Allergic Rhinitis Symptoms

Allergic Rhinitis Symptoms
Rhinitis is the medical term describing irritation and inflammation (acute or chronic) of the lining of the nasal cavity.

Rhinitis may be allergic or not. They are increasing worldwide. When chronic, it affects strongly the quality of life of people who are victims, so that WHO issued in 2001 a new classification of the disease.

Rhinitis is often accompanied by other disorders such as asthma and / or sinusitis and is a cause of insomnia and fatigue. 50% of rhinitis patients have a nonspecific bronchial hyperreactivity, and therefore an increased risk of asthma. Conversely, nearly all asthmatics have rhinitis (more or less acute) associated with asthma.
A study Epidemiological based on 6500 adults followed for over 9 years has shown that rhinitis (allergic or not) was also a predictor of asthma:

* Allergic rhinitis is a risk of prejudice to 3.5 times more important to develop asthma;
* A person affected by a non-allergic rhinitis has 3 times more likely to become asthmatic.

Symptoms include:

* Runny nose;
* Nasal congestion can lead to nasal obstruction;
* Irritation of the mucous membranes of the nose, with or without redness, itching and lesions (scabs, sores ..) and possibly accompanied by irritation of the eyes, throat and / or ears.

Allergic rhinitis
This is a seasonal or chronic rhinitis. It is one of allergy symptoms the most common and increasingly frequent. It is due to a strong immunological reaction induced by inhaled allergen in air (20 000 liters of air pass daily through the nostrils and nasal passages.)

It can be:

* Seasonal. It is then induced by external agents such as pollen (hay fever) or substances or particles secreted or lost by plants, fungi or animals (hair processional caterpillar for example)
* Chronic. It is for example caused by exposure to people with allergies to allergens from dust mites or mold found in homes, or industrial emissions, incineration or burning or vehicular traffic (see below), etc..
* Acute and temporary, via inhalation of different types of fumes, odorants or deodorants, smoke tobacco, or other pollutants.
* Professional (or not recognized as an occupational disease, as appropriate).

Allergic rhinitis and traffic
A study of 2008, made by health authorities in the region of Rome confirmed that chronic exposure to fallout from the traffic was indeed a contributing factor rhinitis in adults (study from 9488 adults 25 to 59 years living near a busy traffic area in Rome, Italy, and taking into account other risk factors related to education, occupation, housing, active smoking or passive traffic density).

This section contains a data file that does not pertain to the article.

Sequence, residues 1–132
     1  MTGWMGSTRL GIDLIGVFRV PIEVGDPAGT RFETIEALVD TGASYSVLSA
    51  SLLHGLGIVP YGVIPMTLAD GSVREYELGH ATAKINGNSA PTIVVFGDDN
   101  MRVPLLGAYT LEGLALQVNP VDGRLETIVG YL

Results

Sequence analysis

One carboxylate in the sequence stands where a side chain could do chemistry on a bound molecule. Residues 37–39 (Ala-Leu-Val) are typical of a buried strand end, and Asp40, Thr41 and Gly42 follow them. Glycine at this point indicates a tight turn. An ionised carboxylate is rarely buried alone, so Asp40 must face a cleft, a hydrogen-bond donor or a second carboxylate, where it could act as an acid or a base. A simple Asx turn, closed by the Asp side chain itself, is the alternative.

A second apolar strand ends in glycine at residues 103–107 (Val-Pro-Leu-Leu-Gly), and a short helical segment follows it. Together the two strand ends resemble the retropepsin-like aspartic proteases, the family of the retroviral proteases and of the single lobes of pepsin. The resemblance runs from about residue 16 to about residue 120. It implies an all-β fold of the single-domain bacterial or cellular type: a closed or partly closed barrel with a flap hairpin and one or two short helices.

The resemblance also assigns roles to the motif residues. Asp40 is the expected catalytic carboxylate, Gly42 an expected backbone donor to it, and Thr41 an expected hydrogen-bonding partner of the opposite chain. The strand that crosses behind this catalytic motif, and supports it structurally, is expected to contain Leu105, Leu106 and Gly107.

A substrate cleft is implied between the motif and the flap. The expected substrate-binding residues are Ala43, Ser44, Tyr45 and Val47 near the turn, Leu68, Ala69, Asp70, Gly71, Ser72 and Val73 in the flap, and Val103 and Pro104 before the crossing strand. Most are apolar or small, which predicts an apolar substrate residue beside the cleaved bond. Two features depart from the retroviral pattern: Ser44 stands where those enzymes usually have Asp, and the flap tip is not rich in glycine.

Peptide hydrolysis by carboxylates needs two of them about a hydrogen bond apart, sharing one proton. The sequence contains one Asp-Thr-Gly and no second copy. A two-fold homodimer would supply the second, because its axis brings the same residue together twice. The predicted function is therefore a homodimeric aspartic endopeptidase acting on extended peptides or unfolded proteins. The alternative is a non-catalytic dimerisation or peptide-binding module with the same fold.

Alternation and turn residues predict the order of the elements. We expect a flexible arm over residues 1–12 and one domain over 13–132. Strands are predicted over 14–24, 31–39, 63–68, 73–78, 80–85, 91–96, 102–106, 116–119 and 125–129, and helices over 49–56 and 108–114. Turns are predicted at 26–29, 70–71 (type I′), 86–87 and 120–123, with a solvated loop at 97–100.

The proximity of housing with a major road increases the risk of reporting difficulty breathing (397 people have complained of chronic bronchitis, 472 asthma and rhinitis 1227). The prevalence of asthma has been correlated with self-report of near a high traffic area and rhinitis were strongly correlated with indicators of trafficking, especially among non-smokers. In this case, chronic bronchitis was reported for 4% of the population studied, while 5% were victims of asthma and 13% (1227 persons) rhinitis.

Non-allergic rhinitis
Rhinitis acute non-allergic may be induced:

* By infection (usually bacterial or viral). In the latter case, an acute viral rhinitis can cause loss of smell (35% of cases dysosmies) when a superabundant mucus covering the olfactory epithelium as to prevent recognition of odors by the brain.
* By structural defects of the nasal passages (displaced walls, sinonasal polyposis Obstructive (nose leads to more or less blocked by polyps).
* By hormonal changes or medical conditions related to pregnancy ( "rhinitis of pregnancy" or "rhinitis of pregnancy" occurs in approximately 30% of pregnant women, with feeling "stuffy nose").

This usually occurs after the first trimester and worsens during the third quarter and usually disappears 2 weeks after childbirth

* By abuse of certain drugs (nasal decongestant, aspirin, certain anti-hypertensives, drugs for erectile dysfunction).

Atrophic Rhinitis
It is a degenerative disease and inflammatory nasal cavities and sinuses, characterized by degeneration of cartilage tissue and nasal cavities, nasal flaring and total dysfunction of the nasal mucosa remaining. It is often accompanied by foul odors (Ozen), nose bleeds and crusts.

Secondary atrophic rhinitis
Also called "Empty Nose Syndrome" (SNV) or Empty nose syndrome (ENS) for English speakers, it is the result of surgical removal of an excessive amount of nasal turbinate, an operation called turbinectomy (removal of cones).

The main types of rhinitis have an ICD-10:

* (J00) rhinitis is primarily divided into acute and chronic, acute rhinitis is classified as common cold.
* (J30.0) Vasomotor rhinitis is not allergic, and supposedly due to nervous disorders.
* (J30.1-J30.4) Allergic rhinitis is one of the most common allergies. It may be seasonal, due to external agents such as pollen (allergy to pollen is called hay fever) or perennial, due to dust mites domestic household molds, etc..
* (J31) Chronic Rhinitis
* (A50) Rhinitis due to congenital syphilis

Read also Sinusitis